The Anna Maria Island Sun Newspaper

Vol. 11 No. 48 - September 14, 2011

reel time

Dog days strategy

The name "dog days" comes from the ancient belief that Sirius, also called the Dog Star, in close proximity to the sun, was responsible for hot summer weather. Dog days is a common term among fishermen signifying the long hot days of August and September, when fish can be hard to find and catch. While there's no doubt that late summer days are long and often intensely hot and uncomfortable, they can also yield some surprising results for savvy anglers. By employing a change of strategy and tailoring their efforts to maximize comfort and opportunities, anglers can catch fish in relative comfort.

One of the prime times to fish during the dog days is at night or in the early morning hours before the sun climbs high in the sky. The myriad dock and bridge lights that illuminate local waterways hold concentrations of fish including snook, trout, redfish, bluefish and tarpon. Docks and bridges surrounded by relatively deep water generally hold more fish. Tidal flow is another indicator of action. Lights on the up tide side of a structure are best, allowing anglers more latitude when making a presentation, preventing hang ups and allowing flies, lures and bait to swing to the fish naturally. With a little attention to detail it's possible to target prime dock and bridge lights on the incoming tide and then again on the outgoing tide.

The presence of hard bottom near a bridge or dock is another indicator of good fish habitat. The presence of bait is an indication of a good spot and ledges, oyster bars and seawalls near lights often increase the odds of action. Lights that sit low to the water seem to have a more distinctive shadow line, an area where feeding fish concentrate. Even if a light is dim, the fish will still congregate near the dark edges of the shadow lines.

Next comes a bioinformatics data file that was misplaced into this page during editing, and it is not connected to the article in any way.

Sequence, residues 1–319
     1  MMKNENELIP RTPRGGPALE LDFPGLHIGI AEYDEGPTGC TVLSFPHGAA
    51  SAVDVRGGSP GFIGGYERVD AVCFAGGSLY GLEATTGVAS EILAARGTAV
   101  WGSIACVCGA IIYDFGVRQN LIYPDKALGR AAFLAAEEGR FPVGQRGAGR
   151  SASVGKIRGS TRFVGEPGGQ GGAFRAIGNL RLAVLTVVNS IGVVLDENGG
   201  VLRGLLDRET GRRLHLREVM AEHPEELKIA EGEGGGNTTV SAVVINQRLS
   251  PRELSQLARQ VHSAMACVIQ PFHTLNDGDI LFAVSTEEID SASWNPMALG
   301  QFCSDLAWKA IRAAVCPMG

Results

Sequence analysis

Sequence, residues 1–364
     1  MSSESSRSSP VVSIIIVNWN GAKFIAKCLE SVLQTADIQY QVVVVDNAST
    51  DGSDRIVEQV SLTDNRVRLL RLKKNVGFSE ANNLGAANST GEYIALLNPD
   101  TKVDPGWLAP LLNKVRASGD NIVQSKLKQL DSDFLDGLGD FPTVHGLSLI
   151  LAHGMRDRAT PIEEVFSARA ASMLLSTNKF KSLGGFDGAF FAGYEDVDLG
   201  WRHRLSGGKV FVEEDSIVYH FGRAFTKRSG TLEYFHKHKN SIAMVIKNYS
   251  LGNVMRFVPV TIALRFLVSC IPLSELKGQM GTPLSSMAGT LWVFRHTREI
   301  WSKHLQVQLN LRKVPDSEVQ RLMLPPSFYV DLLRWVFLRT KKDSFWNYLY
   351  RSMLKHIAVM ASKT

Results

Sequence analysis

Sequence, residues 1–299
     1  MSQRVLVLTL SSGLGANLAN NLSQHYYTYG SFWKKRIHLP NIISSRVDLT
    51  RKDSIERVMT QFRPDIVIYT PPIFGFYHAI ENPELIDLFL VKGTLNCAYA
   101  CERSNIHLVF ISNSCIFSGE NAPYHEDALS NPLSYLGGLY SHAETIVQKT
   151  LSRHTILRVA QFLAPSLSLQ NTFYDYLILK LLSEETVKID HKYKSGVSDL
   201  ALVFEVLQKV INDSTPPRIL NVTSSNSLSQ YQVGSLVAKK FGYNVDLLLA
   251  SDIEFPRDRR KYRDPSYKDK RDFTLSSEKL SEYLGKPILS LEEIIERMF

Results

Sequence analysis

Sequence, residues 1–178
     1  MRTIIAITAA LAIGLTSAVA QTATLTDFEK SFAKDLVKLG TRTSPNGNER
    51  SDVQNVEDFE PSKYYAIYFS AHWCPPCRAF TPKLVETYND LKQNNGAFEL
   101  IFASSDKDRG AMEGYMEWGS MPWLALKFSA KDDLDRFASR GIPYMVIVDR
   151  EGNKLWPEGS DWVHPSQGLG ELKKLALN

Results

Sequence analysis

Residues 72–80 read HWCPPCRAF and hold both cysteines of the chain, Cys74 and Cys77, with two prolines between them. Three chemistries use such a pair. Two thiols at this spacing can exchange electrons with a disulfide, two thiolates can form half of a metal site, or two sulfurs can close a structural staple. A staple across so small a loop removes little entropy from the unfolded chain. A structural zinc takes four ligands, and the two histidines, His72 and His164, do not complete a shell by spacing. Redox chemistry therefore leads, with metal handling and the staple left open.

Captain Rick Grassett, of Sarasota, has pioneered night snook fishing from Sarasota to Venice. He regularly catches good numbers of snook during the dog days of summer. Grassett also targets tarpon around lighted bridges in Sarasota. These fish range from 20 pounds to over 100. He has found the tarpon to be selective and hard to catch unless he is matching the size of the bait the tarpon are feeding on.

When the rising sun lightens the horizon anglers can move to the flats to target redfish, snook and trout. Concentrate your fishing around flats with good grass cover. In addition look for flats that feature channel edges, potholes, sandbars and oyster bars. Strong tide will also increase your odds.

In the hottest months, from August through September, most of the early morning tides are from 1 to 1 1/2 feet so anglers will seldom see pushes or tails. Instead concentrate on scattering bait, working birds and schools of mullet. One of the most productive strategies is to fish seams, demarcation lines that separate grass, sand, and other structure.

While pre-dawn or early morning is generally the best time during sweltering weather, there is one exception. The late afternoon outgoing tides that correspond to the full and new moons provide some fast action with a variety of species. Areas to concentrate on include the slues and channels that drain the inshore flats and the passes where the funneling effect concentrates game fish and their prey. Passes that have flanking seawalls and rock groins can be particularly productive. These areas attract and concentrate the baitfish on which the predators feed. Work lures and flies close to the structure.

Fishing the dog days of summer can be productive no matter where you fish as long as you follow a few rules. First and foremost you must find conditions that are acceptable to the species you seek. In general, water temperatures must not be excessive, and you can count on early mornings and deeper water to moderate conditions. The exception to the rule will be those areas and times where the presence of food overrides the fishes' desire to locate comfortable conditions. Fishing the dog days, can be challenging, but master the rules and you'll have a lot of productive fishing and very little competition.

AMISUN ~ The Island's Award-Winning Newspaper